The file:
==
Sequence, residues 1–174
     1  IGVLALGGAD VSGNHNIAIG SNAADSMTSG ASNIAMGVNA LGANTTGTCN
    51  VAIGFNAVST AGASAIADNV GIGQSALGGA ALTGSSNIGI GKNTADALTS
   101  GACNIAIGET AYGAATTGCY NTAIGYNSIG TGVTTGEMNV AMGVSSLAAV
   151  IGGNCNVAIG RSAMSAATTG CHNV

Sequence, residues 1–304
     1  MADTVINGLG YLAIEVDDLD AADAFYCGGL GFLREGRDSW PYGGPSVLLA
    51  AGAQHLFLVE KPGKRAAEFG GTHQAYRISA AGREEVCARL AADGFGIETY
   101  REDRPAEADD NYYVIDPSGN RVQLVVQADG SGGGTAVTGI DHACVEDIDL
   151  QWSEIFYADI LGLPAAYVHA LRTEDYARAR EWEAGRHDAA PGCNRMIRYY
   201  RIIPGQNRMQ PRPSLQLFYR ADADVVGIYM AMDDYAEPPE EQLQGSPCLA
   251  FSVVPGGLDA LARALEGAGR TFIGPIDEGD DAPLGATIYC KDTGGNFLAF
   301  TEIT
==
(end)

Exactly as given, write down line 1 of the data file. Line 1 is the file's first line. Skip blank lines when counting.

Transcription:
Sequence, residues 1–174